— Resolutions of the protest. Normally at a political protest, the demands or political positions of the organizers are read at the end of the event. The demands for a protest for Sakineh and others like her can be based on or the same as the ones that were read during the Global Protest event on July 2-4.
— Flyers. We handed out two double-sided flyers at our protest for Sakineh and Zeinab: one with their respective stories (download pdfs: Sakineh | Zeinab), and one that was focused on the demand to remove the Islamic Republic from the Commission on the Status of Women (download pdfs: UNCSW | HR 1371).
6. Essential equipment. A camera is all you really need – this is for documenting your protest. Just one photo does the trick, but feel free to get fancy with your video camera if you like to do that. A megaphone is nice to have for chanting, but it’s optional.
1. Remember that when we fight like this for Sakineh and her children, we fight for them at the same time that we fight for thousands of others just like Sakineh and her family. There are two levels of goals that we are working for: first, to save Sakineh, and second, to make sure that we don’t have to have another campaign like this for another woman and her kids. The imminent stoning of Sakineh Mohammadi, and of Azar Bagheri, 19, and Marian Ghorbanzadeh, 25 – also facing imminent stoning – and the imminent execution of political prisoner Zeinab Jalalian — all of these reflect the criminal nature of a regime that rapes, tortures and executes whenever and however it chooses in order to maintain political power. So when you can reflect those two levels of the fight against the brutality of this regime in your protest, you take the movement further down the road towards justice and freedom for Sakineh and her children, and for all Iran.
2. For this kind of protest effort to achieve its objective, the message must be on target. There are some demands that are appropriate to make, and others that are not. This kind of effort requires that activists push for DIPLOMATIC sanctions: the Islamic Republic is killing women, children, and workers, so the proper response is to hit the regime hard with delegitimizing diplomatic sanctions: when the regime stones women to death, governments must ensure the removal of the Islamic Republic from the UN Commission on the Status of Women. When the Islamic Republic threatens to execute child offenders, we demand removal from UNICEF. When the Islamic Republic tortures and executes workers, we demand that the regime be removed from the International Labour Organization (ILO). This is in addition to demands for other kinds of diplomatic sanctions such as shuttering Islamic Republic embassies, freezing bank accounts, and issuing diplomatic travel bans. Incorrect demands would be to ask for economic sanctions, which deeply hurt civilians, or bombing of/war on Iran, which is simply unacceptable.
SHARING THE RESULTS OF YOUR PROTEST:
If we can count and document these efforts, we can concentrate them into a very strong message to policymakers that we, the concerned people of this world, will not tolerate these abuses. We have to be strategic with these protests – if they are scattered here and there without being captured under a leading effort, then the energy from them is also scattered and their political power is dispersed. But if we can show the world that 100 protests have sprung up worldwide to demand an appropriate response to the barbaric behavior of the regime and all of the governments that are supporting it, that can and should be wielded as a serious political force.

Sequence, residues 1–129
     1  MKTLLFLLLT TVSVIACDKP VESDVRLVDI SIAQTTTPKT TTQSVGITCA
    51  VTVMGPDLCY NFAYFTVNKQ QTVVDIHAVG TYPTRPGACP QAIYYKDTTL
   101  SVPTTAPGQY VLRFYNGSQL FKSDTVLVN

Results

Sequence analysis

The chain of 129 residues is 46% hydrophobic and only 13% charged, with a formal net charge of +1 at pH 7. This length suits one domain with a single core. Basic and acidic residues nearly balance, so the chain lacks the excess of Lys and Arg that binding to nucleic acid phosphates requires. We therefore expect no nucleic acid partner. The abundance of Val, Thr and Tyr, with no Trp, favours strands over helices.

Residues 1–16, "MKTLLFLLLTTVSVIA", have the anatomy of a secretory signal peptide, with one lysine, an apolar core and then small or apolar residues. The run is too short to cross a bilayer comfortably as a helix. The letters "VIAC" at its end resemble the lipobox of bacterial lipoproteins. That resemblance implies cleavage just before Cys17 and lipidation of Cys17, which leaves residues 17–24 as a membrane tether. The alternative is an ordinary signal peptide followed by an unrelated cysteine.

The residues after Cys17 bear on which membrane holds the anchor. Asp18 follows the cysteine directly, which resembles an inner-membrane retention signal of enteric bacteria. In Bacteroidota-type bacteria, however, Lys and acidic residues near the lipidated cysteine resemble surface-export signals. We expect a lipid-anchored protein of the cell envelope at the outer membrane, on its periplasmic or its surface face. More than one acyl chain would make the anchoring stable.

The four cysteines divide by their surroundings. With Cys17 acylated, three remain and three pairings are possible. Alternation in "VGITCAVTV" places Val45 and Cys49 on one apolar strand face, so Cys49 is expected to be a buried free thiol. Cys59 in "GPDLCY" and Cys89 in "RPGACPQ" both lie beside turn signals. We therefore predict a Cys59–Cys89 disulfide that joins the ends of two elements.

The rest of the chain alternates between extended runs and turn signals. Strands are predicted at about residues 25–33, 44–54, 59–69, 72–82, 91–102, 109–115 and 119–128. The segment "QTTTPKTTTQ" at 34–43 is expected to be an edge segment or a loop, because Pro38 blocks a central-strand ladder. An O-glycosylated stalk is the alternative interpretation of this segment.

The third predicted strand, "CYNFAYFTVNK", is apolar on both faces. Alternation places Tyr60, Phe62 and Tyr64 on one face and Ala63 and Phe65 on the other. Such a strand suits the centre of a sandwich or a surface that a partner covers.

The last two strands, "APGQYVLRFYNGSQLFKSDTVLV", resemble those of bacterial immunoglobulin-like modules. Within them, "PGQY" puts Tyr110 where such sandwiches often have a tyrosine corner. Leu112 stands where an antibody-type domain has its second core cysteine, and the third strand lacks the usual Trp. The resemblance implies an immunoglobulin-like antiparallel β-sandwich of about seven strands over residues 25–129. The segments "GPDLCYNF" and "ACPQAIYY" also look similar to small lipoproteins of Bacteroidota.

If we work strategically on this, we can create enormous pressure on a regime that fundamentally depends on the abuse of women for its survival. At the same time, we will force governments to take women seriously as a political power; currently they do not, as can be seen by the willingness of governments to allow a gender-apartheidist government onto the UN Commission on the Status of Women.
Thus, it is important that you share your protest photos and event report on your own blog, website, facebook page, and so on. But it is also critical that the power of our individual efforts be brought together so that decisionmakers in the Islamic Republic and in our own governments see and hear our collective demands as if they were made with a single voice. Therefore, we (Mission Free Iran and the International Committee Against Executions) ask that you send your event photos and reports to us so that we can be sure that your efforts are included in the push to save Sakineh Mohammadi Ashtiani, and others suffering in the same situation. Mail your protest photos and reports to Maria Rohaly (firstname.lastname@example.org), and we will ensure that your event makes the maximum contribution to the push for Sakineh’s freedom, and the freedom of all political prisoners in Iran.
An example of an event report for a protest on behalf of Sakineh and Zeinab Jalalian can be found here. This is a longer report; yours does not need to be as detailed if you don’t have the patience or time for writing a long report. Just a paragraph or two is far better than nothing!
That’s it! You’re all set! If you have any questions, let us know – otherwise, good luck, and we can’t wait to see what you do out there! :)
All the best,
Mission Free Iran
Examples of chants:
1. United Nations! We’re out of patience! No compromise on women’s lives!
2. Women’s rights are human rights!
3. No more bloodshed…(crowd echoes)… No more dictator…(crowd echoes)
4. 1, 2, 3, 4, dictator out the door! 5, 6, 7, 8, no more killing! no more rape!
5. What do we want? Freedom! When do we want it? Now!
6. Stop the killing, stop the violence! People’s voices won’t be silenced!
7. The people, united, will never be defeated!
8. Freedom for Iran! (crowd echoes)… Human rights for Iran! (crowd echoes)…
9. United Nations, pay more attention!
10. Stop the torture! Stop the lies! No one else, needs to die!
11. Together we stand, together we fight! We demand human rights!
12. Zendaniyeh siasi, azad bayad gardad. (Political prisoners must be free)
13. Iranian women! Lead the way! ….(crowd echoes) Civil rights are here to stay!….(crowd echoes)
14. Khamenei ghatele… hokomatesh bayad bere!